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D16Y7 Information


The Achilles heel of the D-series seems to be its connecting rods, which will withstand a power increase up to a certain point but will break if that limit is exceeded. Generally, a D-series engines can handle up to about 220 bhp (160 kW), as long as care is taken to avoid detonation through careful spark and fuel management. Of course, the connecting rods, pistons, and other internal parts can be replaced with more durable after-market parts that can handle more power, but many choose to swap to a B-series engine to avoid the potential risks of engine building. The B-series is more expensive to swap in than most D-series engine builds with forced induction or nitrous combined. The D-series also has the ability to swap some parts between different motors and some B-series parts as well. When employing forced induction on a D16, at a minimum the stock hypereutectic pistons should be replaced as well as the connecting rods if the commonly used "stock parts" limit of 220 hp (164 kW) is to be exceeded, although the D series crankshaft in particular has been found to reliably handle up to 600 hp (450 kW). Many people are turning to a cheaper alternative to forged pistons for boosted applications by using the semi forged vitara pistons. They are based on the pistons from a Suzuki Vitara motors that run a 75mm bore as well. They drop compression down to around 8.5:1 depending on the motor and have been said to handle up to 500 hp. Of course as mentioned before the stock rods will fail far before that.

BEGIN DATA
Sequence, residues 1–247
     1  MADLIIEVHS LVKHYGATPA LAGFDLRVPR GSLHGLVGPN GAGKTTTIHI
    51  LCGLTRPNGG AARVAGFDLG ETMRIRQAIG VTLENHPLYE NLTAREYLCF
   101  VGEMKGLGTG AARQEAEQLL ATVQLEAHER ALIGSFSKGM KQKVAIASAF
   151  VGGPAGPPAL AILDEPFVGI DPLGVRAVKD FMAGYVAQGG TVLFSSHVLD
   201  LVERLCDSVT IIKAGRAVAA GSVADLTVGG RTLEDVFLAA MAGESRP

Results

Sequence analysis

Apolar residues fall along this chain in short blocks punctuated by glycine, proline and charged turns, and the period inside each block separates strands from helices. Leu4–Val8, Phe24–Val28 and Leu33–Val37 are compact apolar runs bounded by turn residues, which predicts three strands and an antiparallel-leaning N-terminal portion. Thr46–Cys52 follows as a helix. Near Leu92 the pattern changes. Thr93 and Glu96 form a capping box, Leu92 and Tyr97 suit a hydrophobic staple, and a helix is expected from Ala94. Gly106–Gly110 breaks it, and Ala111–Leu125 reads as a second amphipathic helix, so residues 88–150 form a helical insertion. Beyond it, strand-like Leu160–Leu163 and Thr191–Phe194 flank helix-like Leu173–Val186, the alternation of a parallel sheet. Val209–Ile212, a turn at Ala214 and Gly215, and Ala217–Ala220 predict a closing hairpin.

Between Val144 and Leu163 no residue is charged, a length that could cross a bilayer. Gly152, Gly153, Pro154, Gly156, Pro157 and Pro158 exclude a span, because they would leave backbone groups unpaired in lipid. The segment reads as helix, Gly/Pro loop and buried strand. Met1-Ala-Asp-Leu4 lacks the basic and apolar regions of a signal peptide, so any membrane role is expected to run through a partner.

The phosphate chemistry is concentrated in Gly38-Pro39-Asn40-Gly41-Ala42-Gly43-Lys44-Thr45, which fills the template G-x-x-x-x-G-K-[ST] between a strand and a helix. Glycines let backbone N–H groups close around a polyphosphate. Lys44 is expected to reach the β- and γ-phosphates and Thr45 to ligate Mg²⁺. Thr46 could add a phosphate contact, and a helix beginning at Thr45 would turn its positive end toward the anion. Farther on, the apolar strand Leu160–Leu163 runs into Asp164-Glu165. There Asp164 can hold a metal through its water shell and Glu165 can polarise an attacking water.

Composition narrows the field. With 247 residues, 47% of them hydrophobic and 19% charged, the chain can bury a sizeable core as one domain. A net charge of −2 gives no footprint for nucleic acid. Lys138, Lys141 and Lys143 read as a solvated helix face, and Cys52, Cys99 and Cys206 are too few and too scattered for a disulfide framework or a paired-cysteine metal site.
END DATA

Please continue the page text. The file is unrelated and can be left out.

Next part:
High compression OEM pistons are a quick way to gain power in a naturally aspirated motor. All D-series motors run the same bore (75 mm), however most factory motor variations (i.e. D16A1, D15B7, D16Y7) have used a different piston compression height as well as a different dome or dish. In general, the older D motors have a higher compression height and a larger combustion chamber which create around a 9.1:1 - 9.4:1 compression ratio from the factory. The newer variants have slightly lower compression height combined with a much smaller combustion chamber to create a compression ratio of 9.4:1 - 9.9:1. If you combine an older D16 motor's piston with that of a newer D16 head you can end up with a compression ratio of about 10.7:1 with no other work (i.e. D16A1 piston, D16A6 head). There are a few websites that have compression ratio calculators for Honda motors.

D16Y7

  • Found in:
    • 1996-2000 Honda Civic DX/VP/LX/CX
    • 1999-2000 Honda Civic Special Edition - SE(Canada)
    • 1996-97 Honda del Sol S
    • 1997 Honda Civic Coupe LSI
      • Displacement : 1,593 cc (97.2 cu in)
      • Bore and Stroke : 75 mm × 90 mm (3.0 in × 3.5 in)
      • Compression : 9.4:1
      • Power : 106 hp (79.0 kW, 107 ps) @ 6400 rpm
      • Torque : 103 ft·lbf (14.3 kg/m, 140 Nm) @ 4,600 rpm
      • Redline : 6800 rpm
      • Rev-limiter: 7200 rpm
      • Valvetrain : SOHC (4 valves per cylinder)
      • Fuel Control : OBD2 MPFI
      • Head Code : P2F
      • Piston Code : P2E
      • ECU Code : P2E

D16Y7 Engine News